Kosovo lies landlocked in the centre of the Balkans, With a population under 2 million. It is bordered by Serbia (north and east), North Macedonia (southeast), Albania (southwest), and Montenegro to the west.

Its capital and largest city is Pristina.

In about 1950 the Serbian/Albanian population mix in Kosovo was about 50/50, today it is 5/95. Kosovo is the newest country, having declared its independence from Serbia in 2008. The day of that declaration it unveiled the newborn monument. At the unveiling the monument was signed by the President and Prime Minister of Kosovo, followed by 150,000 citizens celebrating their independence.

By the time we had arrived the shine and gloss may have worn off the idea of being a sovereign nation for some. Somebody had come in late at night and moved the letters around so that it now read No New BR with the words broken republic printed an the letters.

The earliest historians can trace back evidence of settlement in Kosovo to the stone age. There are indications that cave dwellings might have existed, such as Radivojce Cave (Drin River), Grnčar Cave (near Viti) municipality and the Dema and Karamakaz Caves near Peja.

The strategic position of the nation coupled with the abundant natural resources has made the area favorable for the development of human settlements throughout history. There are hundreds of archaeological sites identified throughout Kosovo.


Pristina is the capital and it is a safe and easy place to travel in and around. There are not a lot of attractions and activities to see and enjoy but the ones they have are ok. The public transportation is frequent, cheap and reliable with majority of buses air conditioned.

As we came in fairly late in the afternoon and there was not too much to see and do in town we decided to cool off in our hotel before heading out to dinner. We picked a local Italian joint nearby. This was our first introduction to just how cheap this place was. I ordered a pasta and a small (22cm) pepperoni pizza while Jill just had a Margarita pizza. And these were washed down by two beers each. Total bill was 13.80 euros which is $23.17 aussie. $23 for two pizzas, 4 beers and a pasta. That is just crazy.

The next morning we were up, breakfasted and on the bus to town to see the sights. The bus fare was 50 cents for a one way or 80 cents for a 24 hour ticket for as many trips as you wanted. We rode the bus getting off on Bill Clinton Boulevard near the statue of Bill Clinton. This was done to thank former U.S. President for his help during their struggle with the government of Yugoslavia.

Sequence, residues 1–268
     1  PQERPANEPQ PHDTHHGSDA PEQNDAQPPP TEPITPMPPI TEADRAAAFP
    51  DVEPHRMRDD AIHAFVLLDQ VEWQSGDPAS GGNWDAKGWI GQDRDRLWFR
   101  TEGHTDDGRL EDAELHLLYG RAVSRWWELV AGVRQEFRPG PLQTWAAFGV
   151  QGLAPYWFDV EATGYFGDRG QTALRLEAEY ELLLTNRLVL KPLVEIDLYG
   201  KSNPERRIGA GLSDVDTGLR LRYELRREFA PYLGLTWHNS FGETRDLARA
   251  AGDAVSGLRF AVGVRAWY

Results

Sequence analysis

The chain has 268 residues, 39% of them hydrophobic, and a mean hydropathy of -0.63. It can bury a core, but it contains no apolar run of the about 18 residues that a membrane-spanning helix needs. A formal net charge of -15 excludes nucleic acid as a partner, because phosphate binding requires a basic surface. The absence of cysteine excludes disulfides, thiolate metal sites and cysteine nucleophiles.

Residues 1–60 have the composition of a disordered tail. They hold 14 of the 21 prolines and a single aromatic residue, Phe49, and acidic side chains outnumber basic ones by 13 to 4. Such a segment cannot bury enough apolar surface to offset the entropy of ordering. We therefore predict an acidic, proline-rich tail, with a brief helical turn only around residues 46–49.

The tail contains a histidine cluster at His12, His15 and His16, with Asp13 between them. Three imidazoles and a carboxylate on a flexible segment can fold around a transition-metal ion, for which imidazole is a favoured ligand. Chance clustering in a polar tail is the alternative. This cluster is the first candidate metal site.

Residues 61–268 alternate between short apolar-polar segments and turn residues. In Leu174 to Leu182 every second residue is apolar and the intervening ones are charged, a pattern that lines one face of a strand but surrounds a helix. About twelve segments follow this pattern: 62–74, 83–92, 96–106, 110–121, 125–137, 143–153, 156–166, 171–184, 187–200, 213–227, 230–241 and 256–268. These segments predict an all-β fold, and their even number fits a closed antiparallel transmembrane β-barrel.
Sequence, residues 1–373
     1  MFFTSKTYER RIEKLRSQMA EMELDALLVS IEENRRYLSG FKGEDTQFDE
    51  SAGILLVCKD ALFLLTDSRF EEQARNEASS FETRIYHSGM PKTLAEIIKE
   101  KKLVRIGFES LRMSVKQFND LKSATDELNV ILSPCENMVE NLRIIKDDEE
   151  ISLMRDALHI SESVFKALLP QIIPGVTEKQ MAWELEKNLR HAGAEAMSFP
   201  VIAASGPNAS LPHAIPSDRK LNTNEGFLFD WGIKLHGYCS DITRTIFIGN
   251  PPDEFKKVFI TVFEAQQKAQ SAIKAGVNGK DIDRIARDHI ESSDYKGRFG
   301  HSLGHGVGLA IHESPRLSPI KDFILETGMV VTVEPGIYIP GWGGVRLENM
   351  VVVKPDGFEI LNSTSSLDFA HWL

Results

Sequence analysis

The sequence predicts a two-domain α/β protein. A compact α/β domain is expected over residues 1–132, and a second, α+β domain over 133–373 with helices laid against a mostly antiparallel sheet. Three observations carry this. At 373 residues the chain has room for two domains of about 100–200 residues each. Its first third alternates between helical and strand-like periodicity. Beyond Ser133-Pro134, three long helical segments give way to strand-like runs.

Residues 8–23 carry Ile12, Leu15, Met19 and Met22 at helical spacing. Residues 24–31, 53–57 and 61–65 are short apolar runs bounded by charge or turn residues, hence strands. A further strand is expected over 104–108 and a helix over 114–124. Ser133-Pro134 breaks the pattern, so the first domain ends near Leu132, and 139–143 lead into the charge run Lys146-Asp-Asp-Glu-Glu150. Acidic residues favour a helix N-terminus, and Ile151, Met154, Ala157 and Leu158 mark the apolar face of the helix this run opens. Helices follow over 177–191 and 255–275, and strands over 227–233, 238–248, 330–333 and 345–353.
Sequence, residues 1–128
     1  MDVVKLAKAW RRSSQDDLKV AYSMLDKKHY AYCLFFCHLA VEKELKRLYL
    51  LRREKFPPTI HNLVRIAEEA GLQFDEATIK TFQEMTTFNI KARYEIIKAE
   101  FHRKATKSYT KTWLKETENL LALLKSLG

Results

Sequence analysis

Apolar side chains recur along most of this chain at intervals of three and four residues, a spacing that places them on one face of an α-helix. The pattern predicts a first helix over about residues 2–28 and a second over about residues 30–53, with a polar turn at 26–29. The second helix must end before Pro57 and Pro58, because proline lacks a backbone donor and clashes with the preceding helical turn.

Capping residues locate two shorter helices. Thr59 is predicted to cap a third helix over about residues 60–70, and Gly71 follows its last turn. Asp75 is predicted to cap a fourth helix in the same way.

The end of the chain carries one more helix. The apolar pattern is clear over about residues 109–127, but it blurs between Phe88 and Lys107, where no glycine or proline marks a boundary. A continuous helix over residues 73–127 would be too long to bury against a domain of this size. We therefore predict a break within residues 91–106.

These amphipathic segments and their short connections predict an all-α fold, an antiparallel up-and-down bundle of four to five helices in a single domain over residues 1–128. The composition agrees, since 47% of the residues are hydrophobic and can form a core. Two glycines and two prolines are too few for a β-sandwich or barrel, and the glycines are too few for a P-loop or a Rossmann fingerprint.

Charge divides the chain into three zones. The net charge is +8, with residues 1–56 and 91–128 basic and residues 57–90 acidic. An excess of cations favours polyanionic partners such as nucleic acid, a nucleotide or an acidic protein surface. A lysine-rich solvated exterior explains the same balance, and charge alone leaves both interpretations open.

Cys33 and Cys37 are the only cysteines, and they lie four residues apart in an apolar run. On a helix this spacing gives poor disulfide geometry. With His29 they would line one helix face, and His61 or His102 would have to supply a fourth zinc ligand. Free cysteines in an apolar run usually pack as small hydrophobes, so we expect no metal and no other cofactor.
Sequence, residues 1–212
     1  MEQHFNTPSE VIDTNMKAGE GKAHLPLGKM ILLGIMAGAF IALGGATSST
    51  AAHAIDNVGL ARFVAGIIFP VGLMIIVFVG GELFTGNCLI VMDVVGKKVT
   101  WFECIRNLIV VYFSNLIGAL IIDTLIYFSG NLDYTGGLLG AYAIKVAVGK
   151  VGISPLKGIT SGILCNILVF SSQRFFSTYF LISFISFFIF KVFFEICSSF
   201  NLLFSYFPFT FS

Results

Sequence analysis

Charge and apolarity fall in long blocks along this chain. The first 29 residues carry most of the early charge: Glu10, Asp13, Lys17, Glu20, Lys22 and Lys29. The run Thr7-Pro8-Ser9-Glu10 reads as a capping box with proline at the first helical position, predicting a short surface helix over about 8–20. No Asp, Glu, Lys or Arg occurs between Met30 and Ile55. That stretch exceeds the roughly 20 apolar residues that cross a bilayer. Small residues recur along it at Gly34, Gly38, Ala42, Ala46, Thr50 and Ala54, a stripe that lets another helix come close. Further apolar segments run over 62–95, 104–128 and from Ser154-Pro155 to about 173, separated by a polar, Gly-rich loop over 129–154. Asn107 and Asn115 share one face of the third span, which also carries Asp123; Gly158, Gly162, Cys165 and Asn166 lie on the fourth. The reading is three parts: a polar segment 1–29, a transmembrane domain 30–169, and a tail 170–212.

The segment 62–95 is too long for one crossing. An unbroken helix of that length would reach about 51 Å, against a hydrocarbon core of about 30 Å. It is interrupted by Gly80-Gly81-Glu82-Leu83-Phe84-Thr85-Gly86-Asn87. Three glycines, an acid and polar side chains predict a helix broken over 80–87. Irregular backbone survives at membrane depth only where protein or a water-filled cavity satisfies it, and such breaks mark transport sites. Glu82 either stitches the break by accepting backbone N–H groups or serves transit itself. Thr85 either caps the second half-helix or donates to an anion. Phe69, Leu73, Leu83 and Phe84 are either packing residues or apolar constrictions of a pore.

From here we wandered up the hill towards the Cathedral of Saint Mother Teresa. It was opened in 2010 on the anniversary of her death. This is about the 4th country in a row that is claiming a great affinity to Mother Teresa. She was born in Skopje (hence their claim) of Kosovar/Albanian descent (that’s them covered) but she took off at 18 and was never seen again in this part of the world. So the attempts to claim her throughout the Balkans seems a bit of mystery.

From here, the road was blocked off for a festival leading its way down to the park and the incredibly odd and controversial National Library of Pristina. The current building began in 1982 and consists of a total 99 domes of different sizes and is entirely covered in a metal fishing net. It has been described by many as the ugliest building in the world.

After this you find yourself at a long pedestrian mall, full of the usual shops, businesses, statues, restaurants and cafes. Nothing really to see and tourism hasn’t really kicked in yet. But it is neat and attractive and a pleasant place to stroll.

Following the end of the Kosovo conflict in 1999 and no longer under Serbian rule, Kosovo Albanians in 2001 erected a monument within the centre of Pristina to Skanderbeg. He was a medieval Albanian who fought against Ottoman forces in the 1400’s.

HEROINAT is a statue opposite the Newborn statue that depicts the face of a typical Albanian woman using 20,000 pins.

Each pin represents a woman raped during the Kosovo War from 1998 to 1999. The pins are at different heights, creating a portrait in relief.

That pretty much did it for Pristina. There were a few mosques around the traps, the odd statue and a church. We did find one local beer and managed to sample another couple of new ones but they were from elsewhere.

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